And this is not an uncommon story. Search tools go down, commerce sites reject credit cards or scramble orders.
A Silicon Valley start-up dubbed NOCpulse, founded by a handful of GlobalCenter and Excite expatriates, aims at putting these fears to rest. The company is painting itself as a kind of "NORAD (the federal agency that keeps constant watch over U.S. air space) of the Internet," offering round-the-clock monitoring and testing of a Web site's full range of services and applications.
The company is one of a growing number that are turning in-house Web technologies into services, hoping to make money by charging a subscription for use of its technology. Most of the features offered by NOCpulse can be found elsewhere or built in-house, but the company aims to be more reliable and cheaper than those options.
In much the same vein, companies such as Akamai Technologies and Speedera are offering network traffic-cop services similar to what can be bought from technology firms as an ongoing service. Loudcloud and a few other competitors are offering services that will set up a company's initial Web infrastructure from start to finish.
A few other firms are moving in the same direction. SiteROCK, which has been in business since late 1999, already supports Web sites for clients including Ask Jeeves and Commerce One. That company will announce a $30 million round of funding tomorrow, aimed at expanding its site-monitoring capabilities.
Though NOCpulse has yet to make the service commercially available, it's attracted a few blue chip customers that will work on early tests of the service. On the list so far are Ticketmaster Online-CitySearch, Bigfoot Interactive and e-commerce site Escalate, among others.
"They're addressing a very real problem," said Boogie Shafer, director of Internet operations at Escalate. "People getting all the information they can out of the environment is a very real need."
The company has also attracted the notice of venture backers, even in a notoriously tight-fisted market phase. The company will announce the close of a $12 million funding round tomorrow, led by North Bridge Venture Partners and Greylock.
Investors, like the company's founders, are looking at predictions that the market for complex Web hosting services like theirs will grow from about $80 million 1998 to $3.5 billion in 2002.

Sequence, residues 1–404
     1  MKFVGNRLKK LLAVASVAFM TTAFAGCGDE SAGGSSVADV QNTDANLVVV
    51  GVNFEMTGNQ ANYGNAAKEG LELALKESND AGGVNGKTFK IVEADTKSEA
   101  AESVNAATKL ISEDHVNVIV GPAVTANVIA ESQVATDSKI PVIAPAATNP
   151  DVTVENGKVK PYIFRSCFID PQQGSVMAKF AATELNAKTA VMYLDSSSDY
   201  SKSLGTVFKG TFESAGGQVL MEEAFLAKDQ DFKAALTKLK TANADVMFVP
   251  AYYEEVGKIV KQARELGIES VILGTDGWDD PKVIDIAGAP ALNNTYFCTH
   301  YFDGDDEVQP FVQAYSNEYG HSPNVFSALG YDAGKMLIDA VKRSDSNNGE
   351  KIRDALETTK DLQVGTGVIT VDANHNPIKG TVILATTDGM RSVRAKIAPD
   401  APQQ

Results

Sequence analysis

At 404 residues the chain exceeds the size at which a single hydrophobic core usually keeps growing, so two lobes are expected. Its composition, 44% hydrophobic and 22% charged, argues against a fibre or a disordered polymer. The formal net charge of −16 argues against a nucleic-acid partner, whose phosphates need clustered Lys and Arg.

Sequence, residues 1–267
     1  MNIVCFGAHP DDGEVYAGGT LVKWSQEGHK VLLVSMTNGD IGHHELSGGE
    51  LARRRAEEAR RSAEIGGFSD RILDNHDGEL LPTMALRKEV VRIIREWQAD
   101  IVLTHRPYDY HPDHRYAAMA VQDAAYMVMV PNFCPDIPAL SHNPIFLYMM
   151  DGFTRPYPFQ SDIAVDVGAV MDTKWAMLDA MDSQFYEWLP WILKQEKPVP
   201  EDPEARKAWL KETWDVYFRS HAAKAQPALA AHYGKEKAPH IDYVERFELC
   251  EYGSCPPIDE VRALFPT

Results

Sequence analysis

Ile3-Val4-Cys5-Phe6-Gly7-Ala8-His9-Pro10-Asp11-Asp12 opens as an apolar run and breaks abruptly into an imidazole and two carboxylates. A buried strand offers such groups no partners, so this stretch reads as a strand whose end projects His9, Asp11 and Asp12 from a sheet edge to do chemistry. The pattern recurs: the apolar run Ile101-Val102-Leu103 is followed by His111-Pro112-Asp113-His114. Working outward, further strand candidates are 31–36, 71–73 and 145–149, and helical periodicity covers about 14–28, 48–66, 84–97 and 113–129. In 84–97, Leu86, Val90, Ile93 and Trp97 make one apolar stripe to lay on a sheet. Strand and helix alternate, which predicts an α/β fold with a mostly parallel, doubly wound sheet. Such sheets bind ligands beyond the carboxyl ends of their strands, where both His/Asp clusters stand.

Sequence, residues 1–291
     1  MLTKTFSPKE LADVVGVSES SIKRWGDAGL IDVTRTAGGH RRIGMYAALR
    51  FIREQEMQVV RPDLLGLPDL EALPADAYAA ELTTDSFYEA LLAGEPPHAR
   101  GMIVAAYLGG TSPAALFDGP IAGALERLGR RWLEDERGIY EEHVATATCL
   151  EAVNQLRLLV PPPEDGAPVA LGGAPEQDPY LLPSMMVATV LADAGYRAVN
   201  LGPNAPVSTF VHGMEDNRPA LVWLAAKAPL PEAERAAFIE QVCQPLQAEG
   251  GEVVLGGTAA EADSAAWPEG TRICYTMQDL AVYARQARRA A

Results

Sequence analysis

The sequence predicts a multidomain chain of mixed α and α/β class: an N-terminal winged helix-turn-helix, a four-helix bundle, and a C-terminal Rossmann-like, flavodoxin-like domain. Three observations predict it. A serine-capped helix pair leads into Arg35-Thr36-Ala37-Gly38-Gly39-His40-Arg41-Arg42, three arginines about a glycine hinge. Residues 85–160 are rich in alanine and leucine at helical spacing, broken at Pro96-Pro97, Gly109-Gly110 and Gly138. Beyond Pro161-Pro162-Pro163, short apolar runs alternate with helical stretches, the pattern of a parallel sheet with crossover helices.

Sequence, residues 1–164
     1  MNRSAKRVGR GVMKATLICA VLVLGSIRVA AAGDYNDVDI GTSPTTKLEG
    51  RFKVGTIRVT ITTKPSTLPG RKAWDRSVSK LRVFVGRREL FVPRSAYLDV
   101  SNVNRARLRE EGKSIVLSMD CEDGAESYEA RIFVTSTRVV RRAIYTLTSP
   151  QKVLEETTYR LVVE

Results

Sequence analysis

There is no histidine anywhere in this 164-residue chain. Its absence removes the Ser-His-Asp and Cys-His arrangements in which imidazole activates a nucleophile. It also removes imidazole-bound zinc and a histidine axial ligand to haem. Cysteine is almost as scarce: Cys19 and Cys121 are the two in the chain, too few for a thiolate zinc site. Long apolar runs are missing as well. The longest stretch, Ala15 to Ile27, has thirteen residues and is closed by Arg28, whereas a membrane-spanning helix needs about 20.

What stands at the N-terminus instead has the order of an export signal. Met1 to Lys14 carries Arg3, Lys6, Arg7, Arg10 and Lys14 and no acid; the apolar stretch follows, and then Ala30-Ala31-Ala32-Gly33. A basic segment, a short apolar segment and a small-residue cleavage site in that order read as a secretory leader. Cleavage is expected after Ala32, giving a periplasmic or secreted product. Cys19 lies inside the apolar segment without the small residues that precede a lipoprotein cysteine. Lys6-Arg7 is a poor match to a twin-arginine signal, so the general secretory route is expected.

NOCpulse is taking off from the point where most traditional Web hosting companies stop, according to Paul Santinelli, president and founder of NOCpulse and former vice president of technology at Global Crossing's GlobalCenter hosting division.
Companies like Exodus Communications and GlobalCenter will make sure a site is visible to the world but do little to ensure that all of a site's applications are working around the clock, or to troubleshoot a site's architecture before problems begin. As such, NOCpulse is a management service provider, or MSP, a subsegment of the nascent but much-hyped application service provider (ASP) trend.
Individual companies often have staff to do these functions in-house. But that's an expensive operation to maintain around the clock. NOCpulse's model is built around persuading companies that it will be considerably cheaper to outsource these functions, allowing one company to distribute its investments in monitoring and Web applications testing expertise across many different online firms.
"The team at NOCpulse has years of experience in developing and deploying Web infrastructure. We've been down the road of integrating disparate systems management, monitoring and process controls with an unbelievable amount of pain," Santinelli said. "Our goal was to build a complete service that drops into a customer and requires no systems integration from the start."
The company's service will be commercially available in late third quarter, the company said.